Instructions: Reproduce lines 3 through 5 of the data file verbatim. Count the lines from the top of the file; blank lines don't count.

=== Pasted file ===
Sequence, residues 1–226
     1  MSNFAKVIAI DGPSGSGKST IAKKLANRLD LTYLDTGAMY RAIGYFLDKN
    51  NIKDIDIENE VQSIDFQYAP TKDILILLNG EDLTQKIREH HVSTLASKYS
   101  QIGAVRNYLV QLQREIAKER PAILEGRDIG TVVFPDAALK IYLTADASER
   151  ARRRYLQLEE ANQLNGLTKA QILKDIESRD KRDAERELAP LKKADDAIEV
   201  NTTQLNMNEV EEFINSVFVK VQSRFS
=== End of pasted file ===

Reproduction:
    51  NIKDIDIENE VQSIDFQYAP TKDILILLNG EDLTQKIREH HVSTLASKYS
   101  QIGAVRNYLV QLQREIAKER PAILEGRDIG TVVFPDAALK IYLTADASER
   151  ARRRYLQLEE ANQLNGLTKA QILKDIESRD KRDAERELAP LKKADDAIEV